Hospital paints dire picture
Debbie Callins, director of clinical services at Kootenai Health, speaks during a press conference about the COVID-19 situation at the hospital on Wednesday, while Dr. Robert Scoggins listens.
Staff Writer | October 7, 2021 1:07 AM
COEUR d'ALENE — After Debbie Callins has had a day off as clinical services director at Kootenai Health, she returns with hopes that things will be better.
So far, they're not.
“As you heard, the numbers are going up and the staff are tired,” she said during a press conference outside the hospital on Wednesday.
As for light at the end of the tunnel, Callins said, “We don’t know when that’s going to be.”
Kootenai Health reported a record 150 coronavirus inpatients on Wednesday, with 43 requiring critical care, 17 on ventilators, and two patients under the age of 18.
Panhandle Health District reported 202 new COVID-19 cases and the death toll attributed to the virus is 499.
Callins said the rising patient numbers have strained resources and affected the staff’s ability to care for patients.
“It’s really important to know that the fight is real, and the struggle is real,” she said. “But our teams are very strong. They continue to come in and fight every single day to take care of our community.”
“Our big hashtag that we'd like to share with everybody is #strongertogether, because that's the only way we can get through this, is together,” she added.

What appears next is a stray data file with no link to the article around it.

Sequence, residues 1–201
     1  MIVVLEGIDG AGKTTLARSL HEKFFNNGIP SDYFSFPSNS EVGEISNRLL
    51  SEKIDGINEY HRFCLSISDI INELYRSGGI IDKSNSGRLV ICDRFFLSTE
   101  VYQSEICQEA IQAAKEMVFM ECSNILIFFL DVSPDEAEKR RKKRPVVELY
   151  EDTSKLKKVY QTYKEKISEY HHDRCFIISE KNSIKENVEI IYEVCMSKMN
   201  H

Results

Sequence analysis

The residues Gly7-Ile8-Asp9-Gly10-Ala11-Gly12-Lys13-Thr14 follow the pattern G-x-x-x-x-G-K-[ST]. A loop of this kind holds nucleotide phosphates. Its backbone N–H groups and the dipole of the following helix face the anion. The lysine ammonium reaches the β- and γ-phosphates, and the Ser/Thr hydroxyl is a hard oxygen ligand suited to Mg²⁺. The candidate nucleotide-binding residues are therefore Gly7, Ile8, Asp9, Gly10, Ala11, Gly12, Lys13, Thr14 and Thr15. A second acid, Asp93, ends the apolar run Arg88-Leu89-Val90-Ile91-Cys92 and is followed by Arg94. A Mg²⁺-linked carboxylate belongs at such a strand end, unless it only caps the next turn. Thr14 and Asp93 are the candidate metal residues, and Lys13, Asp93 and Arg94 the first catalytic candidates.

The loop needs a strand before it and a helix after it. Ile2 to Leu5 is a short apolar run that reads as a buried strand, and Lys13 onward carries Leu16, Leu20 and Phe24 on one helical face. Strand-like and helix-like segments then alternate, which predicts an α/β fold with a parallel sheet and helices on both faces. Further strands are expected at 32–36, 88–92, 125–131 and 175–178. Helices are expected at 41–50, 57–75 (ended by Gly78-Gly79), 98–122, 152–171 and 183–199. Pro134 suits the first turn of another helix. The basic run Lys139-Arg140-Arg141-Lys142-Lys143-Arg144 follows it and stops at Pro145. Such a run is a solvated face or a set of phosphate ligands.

Jeremy Evans, chief regional operations officer, said they have seen a “significant surge in our COVID volumes.” They have 35 more coronavirus patients this week than last.
He said they have had to care for patients in additional overflow areas and in the conference center that was converted into a COVID care unit.
The COVID positivity rate has increased to about 27%, he said.
The military medical response team deployed to Kootenai Health through early November has been a tremendous help, Evans said.
“The federal staffing resources that we have received have literally been a lifesaver for us,” Evans said. “In addition, we continue to maximize our own nursing staff by using team nursing models to further expand our resources and capacity.”
Dr. Robert Scoggins said it’s been trying times.
“We've seen a lot of deaths,” he said.
They have been averaging about one death each day in the COVID population in ICU.
He said it’s difficult to describe what it's like to care for so many patients and see what's happening on a daily basis.
“It's a very hard place to work right now. The patients are very sick. And it's constant,” he said. “It's just a constant struggle to take care of these patients on a daily basis. The nursing staff is tired. I think that without our federal resources that we got, I’m not sure how we would have taken care of all these patients.”
Scoggins is looking forward to patient numbers going down and the situation improving, but he doesn’t know when that might happen.
“I think it's just a difficult struggle, the struggle for the patients, for the families, for the staff," he said. "I really wish we were out of this."
Scoggins spoke of a middle-aged patient who had COVID, spent a few days in the ICU and was discharged. He returned with a serious complication of COVID and could face chronic lung disease, as could other even younger patients in similar situations.
"I think we're gonna see a whole population of young people with chronic lung disease and many of them will need lung transplants," Scoggins said.
That older patient later asked when he could get the vaccine.
“I think that's the real thing that's frustrating for many of us is that a lot of these people don't need to be in the hospital if they were vaccinated,” Scoggins said.